Ex-Blizzard President Suggests Adding Tip Option To Games, $10 To $20 Suggested

Former Blizzard president proposes in-game tipping for exceptional video games, sparking debate about developer compensation and gaming monetization.
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Former Blizzard president Mike Ybarra recently caused a stir online with a tweet outlining a new idea for players to express gratitude for video games. Ybarra proposed the addition of an optional tipping feature in games, enabling players to give developers an extra $10 to $20 after finishing a game that greatly surpassed their expectations.

From his experience playing single-player games, Ybarra acknowledges that many new releases are currently priced at $70. However, he argues that this initial purchase might not fully reflect the value delivered for certain exceptional games. He mentions titles like Horizon Zero Dawn, God of War, Red Dead Redemption 2, Baldur’s Gate 3, and Elden Ring as games that offer experiences worth more than the base price tag. For an exec that is very rich, $10 to $20 doesn’t sound like much, but asking players for $80 to $90 for standard games is an issue.

The main idea of Ybarra’s proposal is to encourage game developers to focus on creating high-quality, full games instead of depending on money-making strategies like in-game purchases or a lot of extra downloadable content (DLC). The tips might give developers another way to make money based on how happy the players are. This could help lessen the need for these less-liked methods. However, it can be easily taken advantage of and seen as worse because the other methods developers use give you something back.

Ybarra, however, admits there could be drawbacks to his idea. Introducing a tipping system might lead to unintended issues, such as players feeling they have to tip regardless of their financial situation. There’s also concern that it could set a precedent for tipping in all games, adding more pressure on developers. Moreover, there’s a risk of a “tipping point” where games start being created with the expectation of receiving tips, potentially creating a divide between those that encourage tipping and those that don’t.

First and foremost, there shouldn’t be a reward for not ‘nickle and diming’ players. It should be a standard that you don’t harass a player with attempts to get even more money than the initial asking price. You should also always try to give the player a good game without asking them for more money, and anything extra should be treated like extra (DLC, loot boxes, etc.)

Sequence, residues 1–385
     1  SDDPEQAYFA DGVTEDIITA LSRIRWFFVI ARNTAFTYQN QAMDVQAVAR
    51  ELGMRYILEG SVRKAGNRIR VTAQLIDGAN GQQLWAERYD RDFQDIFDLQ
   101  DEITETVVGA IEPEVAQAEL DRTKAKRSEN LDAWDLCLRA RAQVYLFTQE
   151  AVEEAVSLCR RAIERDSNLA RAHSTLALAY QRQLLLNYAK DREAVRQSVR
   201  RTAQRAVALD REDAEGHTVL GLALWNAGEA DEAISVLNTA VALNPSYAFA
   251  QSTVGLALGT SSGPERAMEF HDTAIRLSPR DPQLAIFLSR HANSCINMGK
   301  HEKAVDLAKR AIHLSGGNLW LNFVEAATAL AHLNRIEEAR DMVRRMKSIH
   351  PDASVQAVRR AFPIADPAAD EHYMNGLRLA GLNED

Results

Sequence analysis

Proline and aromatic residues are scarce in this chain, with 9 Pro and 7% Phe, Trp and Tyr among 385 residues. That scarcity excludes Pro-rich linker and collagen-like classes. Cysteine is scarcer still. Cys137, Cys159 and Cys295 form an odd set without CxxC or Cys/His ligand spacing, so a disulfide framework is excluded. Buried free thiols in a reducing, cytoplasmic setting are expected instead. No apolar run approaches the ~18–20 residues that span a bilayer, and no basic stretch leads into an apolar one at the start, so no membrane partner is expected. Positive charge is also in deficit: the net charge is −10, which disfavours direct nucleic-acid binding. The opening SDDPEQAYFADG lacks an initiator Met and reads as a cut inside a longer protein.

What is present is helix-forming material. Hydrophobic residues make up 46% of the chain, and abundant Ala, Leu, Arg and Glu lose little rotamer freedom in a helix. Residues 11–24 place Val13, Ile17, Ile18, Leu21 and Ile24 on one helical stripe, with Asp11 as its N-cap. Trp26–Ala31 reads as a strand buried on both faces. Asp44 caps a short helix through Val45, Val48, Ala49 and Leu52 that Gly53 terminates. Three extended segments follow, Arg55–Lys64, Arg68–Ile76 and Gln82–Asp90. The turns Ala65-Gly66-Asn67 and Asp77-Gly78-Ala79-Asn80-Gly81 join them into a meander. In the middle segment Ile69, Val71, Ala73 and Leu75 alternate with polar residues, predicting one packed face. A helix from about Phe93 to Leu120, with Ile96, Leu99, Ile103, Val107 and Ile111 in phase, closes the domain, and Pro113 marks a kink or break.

Let’s say that they did an exceptional job; then that’d be something. It would be great if we could trust companies like Blizzard, Ubisoft, or EA. However, I do not doubt that they would lock ‘extra’ content for higher tippers of games. If the company already has a poor reputation among gamers, why would we want to tip them?

Ybarra’s suggestion has sparked discussion in the gaming community. Some players approve of the idea as a means to directly express gratitude for outstanding development work. In contrast, others have raised worries about possible manipulation and a move away from prioritizing comprehensive gaming experiences to simply maximizing tips. This debate brings up wider issues about the present condition of video game monetization and how to guarantee fair payment for developers while offering a worthwhile experience for players.

Even though I slam the idea above, I think it’s good. Don’t get me wrong; I think always trying to give players a good experience is the bare minimum, but some games deserve the higher tip. Baldur’s Gate 3 is a great example of one.

Jorge A. Aguilar

Jorge A. Aguilar

Jorge A. Aguilar, also known as Aggy, is the current Assigning Editor.

He started his career as an esports, influencer, and streaming writer for Sportskeeda. He then moved to GFinity Esports to cover streaming, games, guides, and news before moving to the Social team where he ended his time as the Lead of Social Content.

He also worked a writer and editor for both Pro Game Guides and Dot Esports, and as a writer for PC Invasion, Attack of the Fanboy, and Android Police. Aggy is the former Managing Editor and Operations Overseer of N4G Unlocked and a former Gaming editor for WePC.

Throughout his time in the industry, he's trained over 100 writers, written thousands of articles on multiple sites, written more reviews than he cares to count, and edited tens of thousands of articles. He has also written some games published by Tales, some books, and a comic sold to Telus International.


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